In order to use music as a catalyst for deep self-exploration and experiential work it is necessary to learn a new way of listening to music and relating to it that is alien to our culture. In the West, we employ music frequently as an acoustic background that has little emotional relevance. Typical examples would be use of popular music in cocktail parties or piped music (muzak) in shopping areas and workspaces. A different approach used by sophisticated audiences is the disciplined and attentive listening to music in theaters and concert halls. The dynamic and elemental way of using music characteristic of rock concerts comes closer to the use of music in Holotropic Breathwork. However, the attention of participants in such events is usually extroverted and the experience lacks an element that is essential in holotropic therapy or self-exploration — sustained focused introspection.

In holotropic therapy, it is essential to surrender completely to the flow of music, to let it resonate in one's entire body, and to respond to it in a spontaneous and elemental fashion. This includes manifestations that would be unthinkable in a concert hall, where even crying or coughing is seen as a disturbance and causes annoyance and embarrassment. In holotropic work, one should give full expression to whatever the music is bringing out, whether it is loud screaming or laughing, baby talk, animal noises, shamanic chanting, or talking in tongues. It is also important not to control any physical impulses, such as bizarre grimacing, sensual movements of the pelvis, violent shaking, or intense contortions of the entire body. Naturally, there are exceptions to this rule; destructive behavior directed toward oneself, others, and the physical environment is not permissible.

We also encourage participants to suspend any intellectual activity, such as trying to guess the composer of the music or the culture from which the music comes. Other ways of avoiding the emotional impact of the music involve engaging one's professional expertise — judging the performance of the orchestra, guessing which instruments are playing, and criticizing the technical quality of the recording or of the music equipment in the room. When we can avoid these pitfalls, music can become a very powerful tool for inducing and supporting holotropic states of consciousness. For this purpose, the music has to be of superior technical quality and played at a sufficient volume to drive the experience. The combination of music with faster breathing has a remarkable mind-manifesting and consciousness-expanding power.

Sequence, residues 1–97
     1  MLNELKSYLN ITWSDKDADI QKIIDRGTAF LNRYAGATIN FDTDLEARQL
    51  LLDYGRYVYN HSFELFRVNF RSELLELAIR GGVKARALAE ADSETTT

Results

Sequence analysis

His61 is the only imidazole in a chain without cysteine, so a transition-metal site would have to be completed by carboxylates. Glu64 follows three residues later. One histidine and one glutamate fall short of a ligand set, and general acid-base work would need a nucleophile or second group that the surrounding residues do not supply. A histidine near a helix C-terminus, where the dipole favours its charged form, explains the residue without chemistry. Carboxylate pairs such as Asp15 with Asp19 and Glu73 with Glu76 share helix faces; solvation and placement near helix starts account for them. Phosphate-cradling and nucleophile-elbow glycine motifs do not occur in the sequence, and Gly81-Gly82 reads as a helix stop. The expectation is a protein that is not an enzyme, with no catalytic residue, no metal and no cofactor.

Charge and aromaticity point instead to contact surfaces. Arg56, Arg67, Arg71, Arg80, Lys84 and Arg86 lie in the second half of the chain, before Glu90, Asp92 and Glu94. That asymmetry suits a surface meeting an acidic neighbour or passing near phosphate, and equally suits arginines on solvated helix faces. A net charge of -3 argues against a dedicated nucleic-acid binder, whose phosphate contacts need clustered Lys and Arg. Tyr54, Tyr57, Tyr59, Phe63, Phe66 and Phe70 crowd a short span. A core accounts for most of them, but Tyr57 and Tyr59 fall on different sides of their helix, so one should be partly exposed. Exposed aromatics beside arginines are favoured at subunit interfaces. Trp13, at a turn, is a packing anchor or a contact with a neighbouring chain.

As far as the specific choice of music is concerned, we will outline here only the general principles and give a few suggestions based on our experience. After a certain time, each therapist or therapeutic team develops a list of their favorite pieces for various stages of the sessions. The basic rule is to respond sensitively to the phase, intensity, and content of the participants' experience, rather than trying to program it. This is in congruence with the general philosophy of holotropic therapy, particularly the deep respect for the wisdom of the inner healer, for the collective unconscious, and for the autonomy and spontaneity of the healing process.